Of the many injustices exposed by COVID–19, language inequity has received comparatively little scrutiny, both by news outlets and researchers (barring a few exceptions). The lack of coverage is surprising given the pandemic’s disproportionate toll on non-English speaking patients, particularly those from Latinx communities. The oversight is even more egregious because, in some hospitals, nearly half of patients with LEP do not interact with an interpreter.
There are, of course, structural and institutional barriers to redressing how we treat patients with LEP. Medical interpreters are underpaid and overworked, and they report feeling “disposable” in the eyes of their clinical colleagues. Tuition assistance and reimbursement, increased diversity of languages offered by interpreter services, unionization, and robust enforcement of Title VI are a good start.
And while hospital administrators, insurers, lawmakers, and outside groups are undoubtedly needed to achieve system-level change, the decision to request interpreter services is ultimately left to individual providers.
Providers weigh the perceived value of communicating with non-English speaking patients against the inconveniences of working in the modern hospital. The decision to forgo an interpreter is often justified by citing time constraints and concerns about delaying patient care. While valid, these justifications do not outweigh our moral and legal obligations to patients with LEP. We would not tolerate the abandonment of informed consent for English-speaking patients, but that is exactly what happens to non-English speaking patients when we fail to meet their language needs.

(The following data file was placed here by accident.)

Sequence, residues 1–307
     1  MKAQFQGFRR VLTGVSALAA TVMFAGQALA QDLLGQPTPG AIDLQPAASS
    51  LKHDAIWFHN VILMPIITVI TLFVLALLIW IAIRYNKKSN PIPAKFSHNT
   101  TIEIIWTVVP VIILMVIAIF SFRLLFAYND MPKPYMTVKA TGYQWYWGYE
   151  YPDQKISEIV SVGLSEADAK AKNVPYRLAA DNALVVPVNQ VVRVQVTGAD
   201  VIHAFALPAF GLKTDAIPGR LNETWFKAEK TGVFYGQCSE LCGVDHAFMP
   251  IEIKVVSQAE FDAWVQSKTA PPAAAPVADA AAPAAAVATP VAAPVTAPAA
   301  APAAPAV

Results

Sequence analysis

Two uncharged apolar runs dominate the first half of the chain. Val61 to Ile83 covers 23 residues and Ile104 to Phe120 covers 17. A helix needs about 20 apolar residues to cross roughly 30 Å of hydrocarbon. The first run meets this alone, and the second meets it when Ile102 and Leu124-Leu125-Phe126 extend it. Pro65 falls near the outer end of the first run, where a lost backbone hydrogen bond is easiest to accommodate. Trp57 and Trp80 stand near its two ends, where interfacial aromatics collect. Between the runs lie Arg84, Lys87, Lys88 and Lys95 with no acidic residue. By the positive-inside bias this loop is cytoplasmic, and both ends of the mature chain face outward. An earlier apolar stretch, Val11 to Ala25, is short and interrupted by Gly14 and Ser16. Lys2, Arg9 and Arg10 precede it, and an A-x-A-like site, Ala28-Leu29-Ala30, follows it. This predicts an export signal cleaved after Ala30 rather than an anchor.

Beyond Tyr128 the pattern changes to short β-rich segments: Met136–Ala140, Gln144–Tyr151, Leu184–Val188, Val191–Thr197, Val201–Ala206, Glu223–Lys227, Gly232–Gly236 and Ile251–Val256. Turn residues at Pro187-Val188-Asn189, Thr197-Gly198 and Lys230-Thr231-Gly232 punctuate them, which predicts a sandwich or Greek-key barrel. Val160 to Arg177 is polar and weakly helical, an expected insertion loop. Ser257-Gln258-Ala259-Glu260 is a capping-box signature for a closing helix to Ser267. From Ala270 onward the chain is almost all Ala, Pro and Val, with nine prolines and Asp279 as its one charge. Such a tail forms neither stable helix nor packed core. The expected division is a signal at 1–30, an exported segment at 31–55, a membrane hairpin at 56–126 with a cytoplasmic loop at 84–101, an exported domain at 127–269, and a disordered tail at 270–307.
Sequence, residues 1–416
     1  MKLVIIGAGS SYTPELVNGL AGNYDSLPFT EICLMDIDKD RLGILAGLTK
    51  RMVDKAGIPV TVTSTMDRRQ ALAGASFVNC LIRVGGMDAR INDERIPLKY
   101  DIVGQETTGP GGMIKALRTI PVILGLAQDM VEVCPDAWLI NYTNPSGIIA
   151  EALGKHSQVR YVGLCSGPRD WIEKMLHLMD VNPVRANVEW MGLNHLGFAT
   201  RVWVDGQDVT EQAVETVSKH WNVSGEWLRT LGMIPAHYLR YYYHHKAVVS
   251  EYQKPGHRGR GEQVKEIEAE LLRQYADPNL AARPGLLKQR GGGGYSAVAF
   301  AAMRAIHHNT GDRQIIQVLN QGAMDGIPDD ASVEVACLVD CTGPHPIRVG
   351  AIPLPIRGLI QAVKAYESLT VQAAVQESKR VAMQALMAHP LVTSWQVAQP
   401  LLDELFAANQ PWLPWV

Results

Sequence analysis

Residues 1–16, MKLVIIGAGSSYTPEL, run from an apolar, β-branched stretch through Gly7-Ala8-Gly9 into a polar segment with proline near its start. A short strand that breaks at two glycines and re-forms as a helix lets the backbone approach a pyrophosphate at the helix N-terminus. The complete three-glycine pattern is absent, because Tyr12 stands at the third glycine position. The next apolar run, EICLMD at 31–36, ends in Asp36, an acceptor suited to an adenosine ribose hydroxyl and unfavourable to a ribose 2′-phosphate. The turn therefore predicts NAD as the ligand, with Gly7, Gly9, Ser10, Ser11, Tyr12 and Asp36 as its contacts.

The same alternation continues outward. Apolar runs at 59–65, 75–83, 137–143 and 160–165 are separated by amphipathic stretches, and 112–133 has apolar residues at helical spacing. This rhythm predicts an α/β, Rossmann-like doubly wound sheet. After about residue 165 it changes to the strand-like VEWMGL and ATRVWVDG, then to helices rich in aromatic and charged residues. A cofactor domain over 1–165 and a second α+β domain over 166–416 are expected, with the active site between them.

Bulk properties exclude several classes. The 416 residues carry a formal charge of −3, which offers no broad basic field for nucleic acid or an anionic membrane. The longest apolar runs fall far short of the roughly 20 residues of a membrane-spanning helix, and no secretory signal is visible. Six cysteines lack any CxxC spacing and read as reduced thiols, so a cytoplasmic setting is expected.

What, then, to make of providers who choose to rely on their own dubious language credentials when treating non-English speaking patients despite knowing the consequences?
I suspect this cognitive dissonance is a byproduct of ethnocentrism and linguistic prejudice mixed with bureaucratic red tape. But I also find it indicative of medicine’s reluctance to grapple with Foucault’s gaze.
Clinicians are taught and incentivized to decontextualize patients by viewing them within a biomedical framework. Our narrow conception of health and disease leaves little room for the less tangible aspects of patient care. Whatever doesn’t help us achieve our primary directive—keeping patients alive or at least from getting worse—is immaterial.
The threat to one’s sense of self is acute in the presence of illness. This threat is heightened when patients become what philosopher Kay Toombs calls the “body-as-object,” reminiscent of the medical gaze. When directed at patients with LEP, the gaze turns into x-ray vision. Without the capability to express their fears, worries, and preferences, these patients rightly feel disrespected, afraid, and frustrated.
As clinicians, we must not limit ourselves to institutional responses to a phenomenological problem. In its simplest form, medicine is an interpersonal relationship between the patient and the provider, and we cannot be a full, committed partner if we disregard the patient’s experience.
If we are serious about equity and justice in a post-COVID world, we must take steps to preserve our patients’ sense of identity. Doing so requires concrete reform, such as expanding interpreter services. It also depends on a personal commitment on behalf of providers, a commitment to those marginalized by political and economic forces. This dedication requires more than treating an individual no matter their background; it presupposes solidarity and identification with the other.
It’s no easy task, but like a bowl of authentic Hungarian goulash, it’s well worth the effort.